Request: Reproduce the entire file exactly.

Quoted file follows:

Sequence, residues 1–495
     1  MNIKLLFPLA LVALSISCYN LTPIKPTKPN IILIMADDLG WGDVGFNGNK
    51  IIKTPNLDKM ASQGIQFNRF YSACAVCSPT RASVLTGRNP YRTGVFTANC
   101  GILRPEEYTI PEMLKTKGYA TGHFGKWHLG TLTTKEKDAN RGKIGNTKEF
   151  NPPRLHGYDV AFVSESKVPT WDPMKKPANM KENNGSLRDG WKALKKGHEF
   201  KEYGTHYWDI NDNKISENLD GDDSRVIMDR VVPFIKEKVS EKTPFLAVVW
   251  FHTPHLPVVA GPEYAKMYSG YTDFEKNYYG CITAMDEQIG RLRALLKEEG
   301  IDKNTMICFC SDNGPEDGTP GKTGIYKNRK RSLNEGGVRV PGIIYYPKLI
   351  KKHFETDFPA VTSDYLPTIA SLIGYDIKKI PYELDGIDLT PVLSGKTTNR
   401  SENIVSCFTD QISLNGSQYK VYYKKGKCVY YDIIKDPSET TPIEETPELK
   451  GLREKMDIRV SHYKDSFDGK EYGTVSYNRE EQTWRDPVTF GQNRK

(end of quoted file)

Sequence, residues 1–495
     1  MNIKLLFPLA LVALSISCYN LTPIKPTKPN IILIMADDLG WGDVGFNGNK
    51  IIKTPNLDKM ASQGIQFNRF YSACAVCSPT RASVLTGRNP YRTGVFTANC
   101  GILRPEEYTI PEMLKTKGYA TGHFGKWHLG TLTTKEKDAN RGKIGNTKEF
   151  NPPRLHGYDV AFVSESKVPT WDPMKKPANM KENNGSLRDG WKALKKGHEF
   201  KEYGTHYWDI NDNKISENLD GDDSRVIMDR VVPFIKEKVS EKTPFLAVVW
   251  FHTPHLPVVA GPEYAKMYSG YTDFEKNYYG CITAMDEQIG RLRALLKEEG
   301  IDKNTMICFC SDNGPEDGTP GKTGIYKNRK RSLNEGGVRV PGIIYYPKLI
   351  KKHFETDFPA VTSDYLPTIA SLIGYDIKKI PYELDGIDLT PVLSGKTTNR
   401  SENIVSCFTD QISLNGSQYK VYYKKGKCVY YDIIKDPSET TPIEETPELK
   451  GLREKMDIRV SHYKDSFDGK EYGTVSYNRE EQTWRDPVTF GQNRK